This exercise builds connections between physical and virtual texture (the feel and look of surfaces). Designers used digital cameras to capture compelling textures from the environment. Next, they wrote descriptive paragraphs about each of the textures, focusing on their images’ formal characteristics.
Using these descriptive texts as content, the designers re-created the textures typographically in Adobe Illustrator, employing repetition, scale, layers, and color. Typeface selection was open, but scale distortion was not permitted. Graphic Design I. Mike Weikert, faculty.
Code-Driven Texture The Swiss typographer Emil Ruder once claimed that vital and individual typographic rhythms are alien to machines. The code-driven letterforms shown here prove otherwise. Generated in the computer language Processing, these forms are effervescent, organic, and, indeed, vital. Yeohyun Ahn, MFA Studio.
Five Squares Ten Inches All typefaces have an innate optical texture that results from the accumulation of attributes such as serifs, slope, stroke width, and proportion. Those attributes interact on the page with the size, tracking, leading, and paragraph style selected by the designer, yielding an overall texture.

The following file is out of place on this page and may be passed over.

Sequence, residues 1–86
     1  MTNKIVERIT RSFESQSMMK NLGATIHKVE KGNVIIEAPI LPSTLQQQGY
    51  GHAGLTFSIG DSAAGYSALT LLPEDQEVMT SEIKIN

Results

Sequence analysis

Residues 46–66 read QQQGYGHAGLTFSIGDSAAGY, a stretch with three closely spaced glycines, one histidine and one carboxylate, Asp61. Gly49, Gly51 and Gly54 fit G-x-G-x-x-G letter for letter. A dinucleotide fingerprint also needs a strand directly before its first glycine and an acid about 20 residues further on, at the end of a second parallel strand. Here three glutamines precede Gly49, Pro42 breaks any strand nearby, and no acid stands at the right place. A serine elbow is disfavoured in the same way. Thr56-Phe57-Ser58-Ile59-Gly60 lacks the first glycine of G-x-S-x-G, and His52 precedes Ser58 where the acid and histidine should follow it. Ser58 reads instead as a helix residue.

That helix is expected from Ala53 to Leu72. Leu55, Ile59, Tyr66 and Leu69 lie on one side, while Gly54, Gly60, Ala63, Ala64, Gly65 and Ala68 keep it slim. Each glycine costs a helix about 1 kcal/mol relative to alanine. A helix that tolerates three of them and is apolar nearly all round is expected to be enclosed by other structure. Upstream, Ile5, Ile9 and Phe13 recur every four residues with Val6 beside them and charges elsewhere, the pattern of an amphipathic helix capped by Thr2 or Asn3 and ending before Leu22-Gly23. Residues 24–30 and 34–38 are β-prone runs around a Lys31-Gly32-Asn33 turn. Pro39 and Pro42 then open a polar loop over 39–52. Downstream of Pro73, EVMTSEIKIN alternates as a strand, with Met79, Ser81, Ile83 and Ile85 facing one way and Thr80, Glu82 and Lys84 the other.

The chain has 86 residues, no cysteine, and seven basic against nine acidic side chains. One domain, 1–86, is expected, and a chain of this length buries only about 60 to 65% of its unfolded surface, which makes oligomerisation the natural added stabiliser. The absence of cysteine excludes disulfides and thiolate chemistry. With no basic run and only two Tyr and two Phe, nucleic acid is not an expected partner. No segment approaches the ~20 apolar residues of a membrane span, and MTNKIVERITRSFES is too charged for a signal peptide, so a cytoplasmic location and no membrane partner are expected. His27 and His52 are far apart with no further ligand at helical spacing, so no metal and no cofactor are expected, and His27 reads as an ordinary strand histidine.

In this exercise, designers composed five justified squares of type inside a ten-inch frame. Variation of type style, texture, and value were achieved by combining contrasting characteristics such as old style italic serifs, uniformly weighted sans serifs, geometric slab serifs, and so on. Light to dark value (typographic color) was controlled through the combination of stroke width, letterspacing, and paragraph leading.
Finally, students manipulated the scale and placement of the squares to achieve compositional balance, tension, and depth. Squares were permitted to bleed off the edges, reinforcing the illusion of amplification and recession. Typography I. Jennifer Cole Phillips, faculty.
Typographic Portraits This exploration of typographic texture begins with a basic black-and-white photograph. Designers translate the tonal and textural qualities using only typographic variables, such as weight, style, size, alignment, and spacing, to approximate their own likeness. Solutions range from tightly articulated to loosely expressive and are built from words mined from the students’ biographies. Graduate Typography. Jennifer Cole Phillips, faculty.
Textural Harmony and Contrast
Surface details can have harmonic or contrasting characteristics, yielding distinct visual effects. Some textures have a high degree of contrast and are built from relatively large elements; others are low contrast and have a fine, delicate grain. A rubbery, baggy condom contrasts with the soft, bruised skin of a banana. Letterforms can be made with sweeping, gooey brush forms or with crisp strips of paper, each technique imbuing the page with a particular physical quality.
Alphabetic Texture These alphabets are from a diverse collection created for Rick Valicenti’s Playground experiment, where letters are constructed from physical objects and processes. Designers top to bottom: Michelle Bowers, Rick Valicenti, Jenn Stucker.
Attract Strong color contrasts add visual energy to this dense physical montage made from flowers. Blue and purple stand out against pink, orange, and red. Nancy Froehlich and Zvezdana Rogic.